If it's really a new swarm that's been there less than 5 days you can try this: Bore a small (1/2 inch) hole through the drywall ceiling/wall just beyond/below the swarm cluster. Use a stiff wire to push a long strip of cloth soaked in Bee Quick (I know Jim Fischer doesn't endorse this usage of his product) through the hole OR somehow spray the Bee Quick into the cavity. The bees (including the queen) will leave the cavity unless they already have comb and brood. The trick is to make them go out the exit rather than deeper into the celing or wall. If you place a baited hive (containing some drawn comb with at least one frame of open brood and nurse bees) entrance about 2 inches from the house exit the bees will gladly go into it as they come out of the house. This beats removing and replacing drywall which you can always do if this doesn't work. I've experimented with this appraoch on a couple of "new swarm" removals (that weren't really that new so I still had to open the cavity) and plan to try it on a week old colony this Thursday or Friday.
    Triangle Bees

  15. #15
    Join Date
    Aug 2003
    Location
    Raleigh, NC, USA
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    770

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    PS: I've never found a home owner's insurance that covers bee removals and/or the repairs needed after a removal. I know some home owners have asked their insurance and the answer was NO.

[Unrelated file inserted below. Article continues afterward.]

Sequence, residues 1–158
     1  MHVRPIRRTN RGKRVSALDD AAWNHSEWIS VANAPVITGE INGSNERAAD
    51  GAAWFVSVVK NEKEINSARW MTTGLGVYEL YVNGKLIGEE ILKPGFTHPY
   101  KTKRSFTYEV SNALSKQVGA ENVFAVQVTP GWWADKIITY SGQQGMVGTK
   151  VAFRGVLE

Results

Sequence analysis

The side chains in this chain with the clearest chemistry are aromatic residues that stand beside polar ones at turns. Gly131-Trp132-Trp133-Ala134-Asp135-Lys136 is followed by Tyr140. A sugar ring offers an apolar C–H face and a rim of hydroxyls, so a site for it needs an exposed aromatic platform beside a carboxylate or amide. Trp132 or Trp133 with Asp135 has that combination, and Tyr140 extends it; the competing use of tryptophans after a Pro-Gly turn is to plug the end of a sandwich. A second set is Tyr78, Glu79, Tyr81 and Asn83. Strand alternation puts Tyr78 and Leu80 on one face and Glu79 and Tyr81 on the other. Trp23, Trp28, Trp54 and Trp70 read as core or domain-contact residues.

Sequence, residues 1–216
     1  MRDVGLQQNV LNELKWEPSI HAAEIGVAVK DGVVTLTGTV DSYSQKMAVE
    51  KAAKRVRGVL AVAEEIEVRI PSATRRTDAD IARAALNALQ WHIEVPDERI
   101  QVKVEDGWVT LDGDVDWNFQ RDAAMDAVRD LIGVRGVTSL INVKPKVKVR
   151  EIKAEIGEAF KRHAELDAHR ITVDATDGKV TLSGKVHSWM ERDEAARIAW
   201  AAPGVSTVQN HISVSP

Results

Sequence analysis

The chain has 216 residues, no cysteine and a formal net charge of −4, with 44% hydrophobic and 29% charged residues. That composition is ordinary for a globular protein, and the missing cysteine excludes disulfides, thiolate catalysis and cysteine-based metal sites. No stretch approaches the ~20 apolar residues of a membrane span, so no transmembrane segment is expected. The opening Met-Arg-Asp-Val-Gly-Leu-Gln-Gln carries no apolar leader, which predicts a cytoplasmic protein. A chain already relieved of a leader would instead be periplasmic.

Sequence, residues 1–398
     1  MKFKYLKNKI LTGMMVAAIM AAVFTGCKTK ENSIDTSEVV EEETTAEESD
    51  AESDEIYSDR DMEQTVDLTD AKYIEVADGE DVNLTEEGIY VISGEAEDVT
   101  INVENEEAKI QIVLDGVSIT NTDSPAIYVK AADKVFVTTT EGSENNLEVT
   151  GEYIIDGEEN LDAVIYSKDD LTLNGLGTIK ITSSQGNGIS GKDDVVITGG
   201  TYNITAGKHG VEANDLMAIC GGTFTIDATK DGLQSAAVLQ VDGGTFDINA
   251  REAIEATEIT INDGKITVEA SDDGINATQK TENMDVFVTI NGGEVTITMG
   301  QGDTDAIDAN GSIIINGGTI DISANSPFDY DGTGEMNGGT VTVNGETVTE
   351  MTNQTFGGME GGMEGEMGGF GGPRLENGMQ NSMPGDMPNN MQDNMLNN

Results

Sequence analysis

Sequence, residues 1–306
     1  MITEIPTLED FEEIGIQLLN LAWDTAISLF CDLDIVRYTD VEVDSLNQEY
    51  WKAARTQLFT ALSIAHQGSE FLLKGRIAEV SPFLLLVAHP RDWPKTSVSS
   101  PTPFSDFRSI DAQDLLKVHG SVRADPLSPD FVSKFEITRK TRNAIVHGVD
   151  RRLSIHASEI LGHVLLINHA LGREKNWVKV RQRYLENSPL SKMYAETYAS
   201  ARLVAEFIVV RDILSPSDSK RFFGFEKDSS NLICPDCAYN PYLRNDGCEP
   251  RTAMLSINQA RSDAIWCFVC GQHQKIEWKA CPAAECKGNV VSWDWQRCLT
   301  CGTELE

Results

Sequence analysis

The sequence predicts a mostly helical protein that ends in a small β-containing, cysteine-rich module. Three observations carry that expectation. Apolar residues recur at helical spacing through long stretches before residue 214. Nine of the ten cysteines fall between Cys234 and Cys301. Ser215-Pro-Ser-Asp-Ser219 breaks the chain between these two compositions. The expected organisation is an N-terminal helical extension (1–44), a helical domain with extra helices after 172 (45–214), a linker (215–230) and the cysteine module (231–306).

Triangle Bees

  16. #16
    Join Date
    Aug 2002
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    Nehawka, Nebraska USA
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    If you put all the brood comb in the new hive they will move in, sure. [img]smile.gif[/img] That's a cut out.
    Michael Bush bushfarms.com/bees.htm "Everything works if you let it." ThePracticalBeekeeper.com 40y 200h 37yTF

  17. #17
    Join Date
    Mar 2005
    Location
    Troupsburg, NY
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    "I will keep you posted on my progress later tonight. My father in-law says if we have to tear something out to get to them that is what he has insurance for and we will do it!"

    It is hard enough for an expericaned beekeep to do a cut out, let alone a newbe. You should take a deep breath and make a plan that has a reasonable chance of success, especially seeings how this is your inlaws house. The first thing you need, that you don't have, is a frame of brood and nurse bees to tend them. These would be used for the cone methoed of removing a hive from a house, and will entice the bees to move into a hive, vs trying to reenter the wall. The second thing is you have no idea how long these bees have been there. If you don't have the brood frame mentioned above, the bees will just try to reenter, and failing that will cluster on the outside of the house. You really need to relax and think about where you are going, and how to get there. It amazes me that the more expericanced keepers here arn't pointing this out. It is a long and involved process removing bees from a house, and it is very messy as well. Doing a cut out should not be your first thought, using the cone methoed would work much better if you have the resources to pull it off, which you don't. These bees arn't going anywhere, so don't rush in without a plan.